The link between the blight of litter and fly-tipping inflicted on the general community and the attack on someone from a specific community is an all too common attitude of dismissive self-superiority.

Those who regard themselves as far too important to properly dispose of their waste presumably think there are some lesser beings who should be cleaning up after them. A sort of sub-imperial attitude that leaves it all to the lackeys. After all, it’s what they’re for, whoever “they” may be.

It is the same attitude that rounds on an asylum seeker at a bus stop. Having escaped from a barbarism so dreadful he’s been forced to flee his home, his attackers will see no irony in the barbarism they then inflict so casually.

They may justify their cruelty to each other by agreeing, without any evidence, that their victim is in reality merely an economic migrant. Even if this be true then all he is guilty of is pursuing work in the way fundamental to capitalism.

Unemployed lead miners tramped to the coalfields. Farm labourers left the land to work in the then new textile mills. From the middle of the eighteenth century or so, the working population of Britain was on the move from region to region, in search of employment.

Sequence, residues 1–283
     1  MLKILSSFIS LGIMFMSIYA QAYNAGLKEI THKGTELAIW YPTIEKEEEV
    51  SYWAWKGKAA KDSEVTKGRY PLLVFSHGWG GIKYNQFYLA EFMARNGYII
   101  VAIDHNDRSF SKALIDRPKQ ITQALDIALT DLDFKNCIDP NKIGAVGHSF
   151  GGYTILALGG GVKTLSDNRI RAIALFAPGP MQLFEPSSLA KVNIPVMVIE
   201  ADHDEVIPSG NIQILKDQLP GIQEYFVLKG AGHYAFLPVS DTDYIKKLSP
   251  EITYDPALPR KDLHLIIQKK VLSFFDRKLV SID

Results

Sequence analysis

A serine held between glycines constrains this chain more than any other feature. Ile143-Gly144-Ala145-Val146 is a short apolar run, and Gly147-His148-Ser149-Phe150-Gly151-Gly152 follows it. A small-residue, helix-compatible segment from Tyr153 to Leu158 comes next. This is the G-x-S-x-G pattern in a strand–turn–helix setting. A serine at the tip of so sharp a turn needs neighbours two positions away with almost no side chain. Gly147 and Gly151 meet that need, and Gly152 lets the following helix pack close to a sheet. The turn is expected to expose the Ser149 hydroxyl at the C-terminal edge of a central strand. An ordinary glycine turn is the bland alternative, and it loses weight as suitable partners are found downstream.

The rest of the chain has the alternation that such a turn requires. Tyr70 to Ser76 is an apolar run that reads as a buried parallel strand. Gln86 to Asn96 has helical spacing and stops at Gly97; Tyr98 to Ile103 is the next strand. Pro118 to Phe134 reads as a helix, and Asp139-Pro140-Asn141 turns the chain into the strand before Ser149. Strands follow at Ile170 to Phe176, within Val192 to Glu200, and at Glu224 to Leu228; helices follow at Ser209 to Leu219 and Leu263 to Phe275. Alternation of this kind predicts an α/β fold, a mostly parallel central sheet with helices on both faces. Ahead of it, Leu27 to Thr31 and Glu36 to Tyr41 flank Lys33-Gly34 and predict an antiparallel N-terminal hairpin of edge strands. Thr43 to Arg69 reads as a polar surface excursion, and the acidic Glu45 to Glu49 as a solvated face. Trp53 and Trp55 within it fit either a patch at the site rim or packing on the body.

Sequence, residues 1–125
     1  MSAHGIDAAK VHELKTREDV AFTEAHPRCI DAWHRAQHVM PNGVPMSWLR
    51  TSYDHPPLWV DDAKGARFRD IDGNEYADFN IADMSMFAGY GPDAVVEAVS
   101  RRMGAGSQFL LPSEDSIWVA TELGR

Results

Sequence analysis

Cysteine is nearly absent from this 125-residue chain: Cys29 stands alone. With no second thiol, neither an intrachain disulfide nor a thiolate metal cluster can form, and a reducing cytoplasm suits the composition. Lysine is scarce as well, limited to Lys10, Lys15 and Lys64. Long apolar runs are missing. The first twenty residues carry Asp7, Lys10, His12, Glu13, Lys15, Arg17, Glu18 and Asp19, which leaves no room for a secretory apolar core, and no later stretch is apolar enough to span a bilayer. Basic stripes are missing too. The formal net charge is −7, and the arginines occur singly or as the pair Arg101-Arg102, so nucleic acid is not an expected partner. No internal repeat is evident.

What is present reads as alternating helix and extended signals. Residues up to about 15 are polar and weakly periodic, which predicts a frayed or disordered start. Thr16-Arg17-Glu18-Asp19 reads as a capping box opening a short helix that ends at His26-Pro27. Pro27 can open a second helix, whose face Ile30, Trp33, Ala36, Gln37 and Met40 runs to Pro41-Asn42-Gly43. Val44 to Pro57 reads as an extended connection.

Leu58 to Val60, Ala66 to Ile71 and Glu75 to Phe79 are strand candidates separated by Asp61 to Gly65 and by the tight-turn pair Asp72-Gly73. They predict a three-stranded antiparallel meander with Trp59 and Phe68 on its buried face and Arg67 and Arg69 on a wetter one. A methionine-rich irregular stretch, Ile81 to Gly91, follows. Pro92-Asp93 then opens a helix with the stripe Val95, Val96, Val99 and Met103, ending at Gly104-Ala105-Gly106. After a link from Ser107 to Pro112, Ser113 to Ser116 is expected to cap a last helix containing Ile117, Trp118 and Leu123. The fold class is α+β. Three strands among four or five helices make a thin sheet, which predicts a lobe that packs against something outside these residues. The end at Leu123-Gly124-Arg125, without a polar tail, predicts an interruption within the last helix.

Today, transnational capitalism has transformed the migration of labour from a national into an international phenomenon. It is the economics of capitalism that creates the wars and the failed economies setting labour on the move.

If there is to be a challenge to capitalism, a socialist change, then there will need to be a radical alteration of thinking amongst so many of the working class. The sub-imperial, petty nationalist, anti-social attitudes must be dispensed with.

The present ideological structure of society cannot be transformed without people consciously deciding to think and act in different ways. It is about accepting responsibility, personally and collectively.

Not dumping litter at the roadside, not attacking the vulnerable (or anyone, for that matter) will not bring capitalism down. But, it would be a start!

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Courting Popularity


POPULIST! This is the political vogue word of the moment, a pejorative appellation presently in common use especially in the media. President Trump, the Brexit vote, both are cited examples of what is being cast as a growing tendency.

Yet the word has a more honourable past. It referred to a member of the People’s Party, founded in 1891. It had a social agenda, championing public ownership of public services and graduated income tax.

It was a manifestation in the USA of the then emerging social democratic trend represented in Britain by the Labour Representation Committee, the Independent Labour Party leading to the founding of the Labour Party.

Whatever the political strengths and weaknesses, being a populist was not deserving of the opprobrium associated with the word today. Indeed, the basic populist principle was advocating the right and ability of the common people to govern themselves.